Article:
Specific CD4+ T Cell Responses to Ancestral SARS-CoV-2 in Children Increase With Age and Show Cross-Reactivity to Beta Variant


SARS-CoV-2 is still a major burden for global health despite effective vaccines. With the reduction of social distancing measures, infection rates are increasing in children, while data on the pediatric immune response to SARS-CoV-2 infection is still lacking. Although the typical disease course in children has been mild, emerging variants may present new challenges in this age group. Peripheral blood mononuclear cells (PBMC) from 51 convalescent children, 24 seronegative siblings from early 2020, and 51 unexposed controls were stimulated with SARS-CoV-2-derived peptide MegaPools from the ancestral and beta variants. Flow cytometric determination of activation-induced markers and secreted cytokines were used to quantify the CD4+ T cell response. The average time after infection was over 80 days. CD4+ T cell responses were detected in 61% of convalescent children and were markedly reduced in preschool children. Cross-reactive T cells for the SARS-CoV-2 beta variant were identified in 45% of cases after infection with an ancestral SARS-CoV-2 variant. The CD4+ T cell response was accompanied most predominantly by IFN-γ and Granzyme B secretion. An antiviral CD4+ T cell response was present in children after ancestral SARS-CoV-2 infection, which was reduced in the youngest age group. We detected significant cross-reactivity of CD4+ T cell responses to the more recently evolved immune-escaping beta variant. Our findings have epidemiologic relevance for children regarding novel viral variants of concern and vaccination efforts.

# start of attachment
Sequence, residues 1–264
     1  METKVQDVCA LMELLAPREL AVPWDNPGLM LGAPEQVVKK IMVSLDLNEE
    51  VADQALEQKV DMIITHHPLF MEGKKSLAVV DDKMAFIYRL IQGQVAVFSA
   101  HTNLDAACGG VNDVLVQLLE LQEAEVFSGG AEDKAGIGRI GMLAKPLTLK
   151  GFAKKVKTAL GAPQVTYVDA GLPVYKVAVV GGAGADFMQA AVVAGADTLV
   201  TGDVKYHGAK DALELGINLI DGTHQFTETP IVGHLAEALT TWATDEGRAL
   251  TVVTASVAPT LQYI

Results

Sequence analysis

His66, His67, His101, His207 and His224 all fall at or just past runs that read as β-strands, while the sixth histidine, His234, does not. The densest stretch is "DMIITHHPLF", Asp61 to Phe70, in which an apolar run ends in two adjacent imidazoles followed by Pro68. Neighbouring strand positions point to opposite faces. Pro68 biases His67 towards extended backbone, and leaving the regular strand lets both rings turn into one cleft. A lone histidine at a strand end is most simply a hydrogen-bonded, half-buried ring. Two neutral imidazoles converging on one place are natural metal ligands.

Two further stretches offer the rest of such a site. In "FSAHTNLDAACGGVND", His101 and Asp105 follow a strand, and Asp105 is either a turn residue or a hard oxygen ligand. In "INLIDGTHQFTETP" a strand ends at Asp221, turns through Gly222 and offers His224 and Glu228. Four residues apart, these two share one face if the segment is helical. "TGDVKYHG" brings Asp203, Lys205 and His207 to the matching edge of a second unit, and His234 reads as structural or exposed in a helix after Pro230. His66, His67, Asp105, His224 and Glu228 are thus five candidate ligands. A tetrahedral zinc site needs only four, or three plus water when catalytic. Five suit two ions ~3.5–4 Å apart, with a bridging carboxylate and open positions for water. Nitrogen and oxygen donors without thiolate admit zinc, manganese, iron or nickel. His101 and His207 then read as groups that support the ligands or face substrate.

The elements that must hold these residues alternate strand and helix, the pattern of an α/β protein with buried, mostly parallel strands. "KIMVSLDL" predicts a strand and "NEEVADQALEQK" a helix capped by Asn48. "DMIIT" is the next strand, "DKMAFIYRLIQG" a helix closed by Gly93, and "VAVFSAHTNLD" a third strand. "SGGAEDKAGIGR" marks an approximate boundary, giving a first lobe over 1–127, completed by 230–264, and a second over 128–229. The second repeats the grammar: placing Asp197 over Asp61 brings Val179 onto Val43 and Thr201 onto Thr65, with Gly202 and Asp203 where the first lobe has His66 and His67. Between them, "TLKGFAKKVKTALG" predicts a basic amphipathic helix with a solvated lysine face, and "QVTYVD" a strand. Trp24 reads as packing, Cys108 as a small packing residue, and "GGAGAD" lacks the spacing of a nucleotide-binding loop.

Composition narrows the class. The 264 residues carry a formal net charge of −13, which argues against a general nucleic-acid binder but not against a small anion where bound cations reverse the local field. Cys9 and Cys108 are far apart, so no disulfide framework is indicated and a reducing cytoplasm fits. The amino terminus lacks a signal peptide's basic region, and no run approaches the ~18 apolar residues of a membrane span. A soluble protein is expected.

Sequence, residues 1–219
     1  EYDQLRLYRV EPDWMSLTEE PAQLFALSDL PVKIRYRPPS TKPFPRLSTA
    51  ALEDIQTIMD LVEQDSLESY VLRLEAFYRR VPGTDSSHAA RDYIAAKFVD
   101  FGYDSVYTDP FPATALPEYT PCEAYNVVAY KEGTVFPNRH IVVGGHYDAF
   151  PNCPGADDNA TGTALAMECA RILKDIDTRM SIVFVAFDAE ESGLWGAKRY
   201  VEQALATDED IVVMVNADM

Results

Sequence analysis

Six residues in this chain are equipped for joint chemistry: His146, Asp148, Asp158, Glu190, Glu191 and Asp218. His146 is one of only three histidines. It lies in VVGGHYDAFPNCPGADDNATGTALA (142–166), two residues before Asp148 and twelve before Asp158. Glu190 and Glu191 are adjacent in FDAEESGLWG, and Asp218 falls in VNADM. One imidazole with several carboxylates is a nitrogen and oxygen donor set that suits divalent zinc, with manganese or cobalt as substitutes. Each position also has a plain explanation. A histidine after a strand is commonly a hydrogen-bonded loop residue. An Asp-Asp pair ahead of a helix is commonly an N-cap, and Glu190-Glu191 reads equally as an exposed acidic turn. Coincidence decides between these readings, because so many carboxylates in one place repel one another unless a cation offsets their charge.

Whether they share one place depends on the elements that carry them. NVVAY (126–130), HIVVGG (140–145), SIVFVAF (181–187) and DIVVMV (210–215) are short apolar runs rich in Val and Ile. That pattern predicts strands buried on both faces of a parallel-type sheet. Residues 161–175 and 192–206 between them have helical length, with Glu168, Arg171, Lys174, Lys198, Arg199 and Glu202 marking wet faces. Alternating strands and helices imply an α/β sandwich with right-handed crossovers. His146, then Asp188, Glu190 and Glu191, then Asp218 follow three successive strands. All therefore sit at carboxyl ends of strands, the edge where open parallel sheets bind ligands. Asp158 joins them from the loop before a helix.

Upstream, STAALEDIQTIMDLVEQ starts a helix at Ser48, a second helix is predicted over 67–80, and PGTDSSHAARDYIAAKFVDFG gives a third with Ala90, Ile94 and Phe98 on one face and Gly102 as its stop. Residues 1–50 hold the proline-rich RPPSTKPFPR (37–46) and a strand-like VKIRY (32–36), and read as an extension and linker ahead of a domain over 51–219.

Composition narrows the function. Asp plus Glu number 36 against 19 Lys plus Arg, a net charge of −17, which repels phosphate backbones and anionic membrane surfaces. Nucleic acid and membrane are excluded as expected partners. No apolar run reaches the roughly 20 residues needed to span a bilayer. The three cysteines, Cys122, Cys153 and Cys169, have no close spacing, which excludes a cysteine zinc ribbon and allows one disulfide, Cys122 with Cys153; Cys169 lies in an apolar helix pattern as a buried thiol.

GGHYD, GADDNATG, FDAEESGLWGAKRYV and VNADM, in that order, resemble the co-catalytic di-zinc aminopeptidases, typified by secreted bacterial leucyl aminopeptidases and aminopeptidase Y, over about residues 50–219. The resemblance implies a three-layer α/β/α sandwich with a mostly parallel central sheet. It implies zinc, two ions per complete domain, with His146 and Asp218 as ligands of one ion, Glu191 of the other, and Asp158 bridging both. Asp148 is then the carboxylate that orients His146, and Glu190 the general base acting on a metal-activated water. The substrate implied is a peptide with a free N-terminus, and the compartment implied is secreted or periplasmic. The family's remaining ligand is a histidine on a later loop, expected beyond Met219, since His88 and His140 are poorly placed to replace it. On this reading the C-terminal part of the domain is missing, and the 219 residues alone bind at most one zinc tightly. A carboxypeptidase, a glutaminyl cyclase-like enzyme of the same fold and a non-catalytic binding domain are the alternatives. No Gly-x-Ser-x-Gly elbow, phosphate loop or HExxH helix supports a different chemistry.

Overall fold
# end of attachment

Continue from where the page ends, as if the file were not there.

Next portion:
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StatusVeröffentlicht - 15.07.2022

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